Caulking compounds vary in strength and properties. Caulk is a substance that can emit VOCs and luckily there are many caulk options available that do not adversely affect indoor air quality. See our Artricle Indoor Air Quality -- Identifying Sources and Making Renovation Choices that Eliminate Contamination for an in-depth review of air qality considerations.

The Department of Energy has prepared the following useful guide to caulks:

 Caulking Compound  Recommended Uses  Cleanup  Shrinkage Adhesion   Notes
 Household Silicone  Joints between bath and kitchen fixtures and tile,  metal joints such as gutters.   Dry cloth immediately or mineral spirits.  Little or none.  Good to excellent.  Flexible:  cured silicone stretches up to 3x its width and compresses to one-half the width.
 Construction Silicone  Seals disimilar building materilas like wood to stone, metal flashing to brick, and will adhere to painted surfaces.   Dry cloth immediately or mineral spirits.  Little or none  Good to excellent.  Flexible (stretches and compresses).
 Polyurethane, expandable spray foam  Expands when curing; good for larger cracks indoors or outdoors. Use in nonfriction areas, as rubber becomes dry and powdery over time.  Solvent such as lacquer thinner, if immediate.  None.  Good to excellent.  Expands a lot to fit large, irregular gaps.  Flexible. Can be used at varyng temperaturers. Must be painted for exterior use.  Manufacturing process produces greenhouse gases.
 Water-based foam sealant  Around window and door frames in new construction (will not overexpand and bend new windows); smaller cracks.  Water.  None; expands only 25%.  Good to excellent.  Takes 24 hours to cure and must be exposed to air. Cures to soft consistency. Production does not produce greenhouse gases.
 Butyl rubber  Seals most dissimilar materials (glass, metal, plastic, wood, and concrete.) Seals around windows and flashing, bonds loose shingles.  Mineral spirits.  From 5% to 30%.  Good.  Durable 10 or more years; resilient, not brittle. Can be painted after one week curing. Variable shrinkage; may require two applications. Does not adhere well to painted surfaces. Toxic; follow label precautions.
 Latex  Seals joints around tub and shower. Fills cracks in tile, plaster, glass, and plastic; fills nail holes.  Water.  From 5% to 10%.  Good to excellent.  Easy to use. Seams can be trimmed or smoothed with moist finger or tool. Water resistant when dry. Can be sanded and painted. Less elastic than above materials. Varied durability, 2–10 years. Will not adhere to metal. Little flexibility once cured. Needs to be painted when used on exteriors.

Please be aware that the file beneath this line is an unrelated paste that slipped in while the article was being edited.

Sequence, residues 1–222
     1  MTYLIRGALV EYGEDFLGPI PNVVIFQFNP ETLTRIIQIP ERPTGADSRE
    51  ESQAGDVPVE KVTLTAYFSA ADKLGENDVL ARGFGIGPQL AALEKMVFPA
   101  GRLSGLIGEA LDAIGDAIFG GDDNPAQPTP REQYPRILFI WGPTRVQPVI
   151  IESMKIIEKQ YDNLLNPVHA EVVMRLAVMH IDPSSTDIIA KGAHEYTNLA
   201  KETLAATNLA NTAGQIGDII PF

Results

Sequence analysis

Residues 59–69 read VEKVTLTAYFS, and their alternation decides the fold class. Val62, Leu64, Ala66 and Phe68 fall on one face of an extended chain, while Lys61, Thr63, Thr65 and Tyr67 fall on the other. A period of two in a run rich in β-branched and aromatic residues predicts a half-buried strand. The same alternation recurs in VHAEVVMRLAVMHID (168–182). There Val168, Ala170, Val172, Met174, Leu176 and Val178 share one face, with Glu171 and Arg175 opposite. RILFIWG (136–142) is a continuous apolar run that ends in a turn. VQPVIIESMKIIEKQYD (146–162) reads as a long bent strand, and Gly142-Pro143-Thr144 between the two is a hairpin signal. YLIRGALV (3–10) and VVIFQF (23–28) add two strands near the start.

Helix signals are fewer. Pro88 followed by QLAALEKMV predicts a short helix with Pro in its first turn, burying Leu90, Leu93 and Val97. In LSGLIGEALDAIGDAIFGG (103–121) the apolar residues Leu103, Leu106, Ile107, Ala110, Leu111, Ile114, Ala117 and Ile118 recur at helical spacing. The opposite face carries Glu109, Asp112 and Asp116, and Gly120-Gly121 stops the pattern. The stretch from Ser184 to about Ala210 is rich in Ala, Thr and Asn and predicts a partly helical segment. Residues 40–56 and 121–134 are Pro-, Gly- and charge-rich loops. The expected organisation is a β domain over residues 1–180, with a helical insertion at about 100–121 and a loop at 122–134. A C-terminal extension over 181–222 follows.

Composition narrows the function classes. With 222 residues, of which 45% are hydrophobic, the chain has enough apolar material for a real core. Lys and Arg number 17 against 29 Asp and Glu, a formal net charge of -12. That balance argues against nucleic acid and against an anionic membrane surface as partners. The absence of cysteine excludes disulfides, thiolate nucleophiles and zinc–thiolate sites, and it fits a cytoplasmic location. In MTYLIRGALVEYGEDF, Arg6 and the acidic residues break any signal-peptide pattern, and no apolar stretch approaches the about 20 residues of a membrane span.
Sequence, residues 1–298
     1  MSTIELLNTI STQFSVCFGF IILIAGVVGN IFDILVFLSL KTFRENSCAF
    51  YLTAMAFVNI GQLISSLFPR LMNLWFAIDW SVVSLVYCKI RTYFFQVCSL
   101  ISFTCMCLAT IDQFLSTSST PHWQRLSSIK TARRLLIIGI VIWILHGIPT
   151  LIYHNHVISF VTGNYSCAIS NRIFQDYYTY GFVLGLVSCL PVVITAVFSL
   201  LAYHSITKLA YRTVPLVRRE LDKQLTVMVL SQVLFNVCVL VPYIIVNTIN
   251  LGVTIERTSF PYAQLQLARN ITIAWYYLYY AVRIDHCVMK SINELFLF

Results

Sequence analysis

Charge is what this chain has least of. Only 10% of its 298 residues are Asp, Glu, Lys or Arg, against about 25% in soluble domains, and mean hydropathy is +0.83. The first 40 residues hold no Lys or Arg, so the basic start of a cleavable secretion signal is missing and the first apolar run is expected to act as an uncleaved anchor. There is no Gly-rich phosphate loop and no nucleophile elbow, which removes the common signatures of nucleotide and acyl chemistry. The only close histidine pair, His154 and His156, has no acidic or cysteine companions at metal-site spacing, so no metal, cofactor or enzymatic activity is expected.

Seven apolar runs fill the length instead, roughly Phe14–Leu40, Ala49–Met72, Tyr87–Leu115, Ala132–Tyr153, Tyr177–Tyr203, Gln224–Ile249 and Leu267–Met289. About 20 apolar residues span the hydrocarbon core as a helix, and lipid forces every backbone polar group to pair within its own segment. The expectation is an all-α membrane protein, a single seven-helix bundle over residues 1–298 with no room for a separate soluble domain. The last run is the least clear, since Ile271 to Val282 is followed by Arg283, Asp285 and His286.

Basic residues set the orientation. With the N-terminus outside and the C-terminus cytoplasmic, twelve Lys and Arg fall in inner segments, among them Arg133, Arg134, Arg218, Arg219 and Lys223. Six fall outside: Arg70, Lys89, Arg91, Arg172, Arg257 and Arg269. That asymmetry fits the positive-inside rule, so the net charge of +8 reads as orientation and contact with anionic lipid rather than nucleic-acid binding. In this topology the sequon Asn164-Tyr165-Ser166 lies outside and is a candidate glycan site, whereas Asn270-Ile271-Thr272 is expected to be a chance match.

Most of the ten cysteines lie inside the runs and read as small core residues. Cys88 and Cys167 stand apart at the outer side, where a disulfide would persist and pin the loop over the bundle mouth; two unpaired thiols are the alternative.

Oil or resin-based  Seals exterior seams and joints on building materials.  Mineral spirits.  From 10% to 20%.  Good.  Readily available. Least expensive of the four types. Rope and tube form available. Oils dry out and become brittle, material may fall out. Low durability, 1–4 years. Poor adhesion to porous surfaces like masonry. Should be painted. Can be toxic (check label). Limited temperature range.

Caulking can be tricky. Read and follow the instructions on the compound cartridge, and follow these tips:

  • Clean all areas to be caulked or you may not get good adhesion. This means remove any old caulk and paint, and make sure the area is dry so you won't seal in moisture.  The best time to apply caulk is during dry weather when the outdoor temperature is above 45°F (7.2°C) and the humidity level is low to prevent cracks from swelling with moisture.
  • Apply caulk to all joints in a window frame and the joint between the frame and the wall.
  • Hold the gun at a consistent, forty-five degree angle to enable the caulk to get deep into the crack. You know you've got the right angle when the caulk is immediately forced into the crack as it comes out of the tube.
  • Caulk in one straight continuous stream, if possible. Avoid stops and starts.
  • Send caulk to the bottom of an opening to avoid bubbles.
  • Make sure the caulk sticks to both sides of a crack or seam.
  • Release the trigger before pulling the gun away to avoid applying too much caulking compound. A caulking gun with an automatic release makes this much easier.
  • If caulk oozes out of a crack, use a putty knife to push it back in.
  • Don't be stingy. If the caulk shrinks, reapply it to form a smooth bead that will seal the crack completely.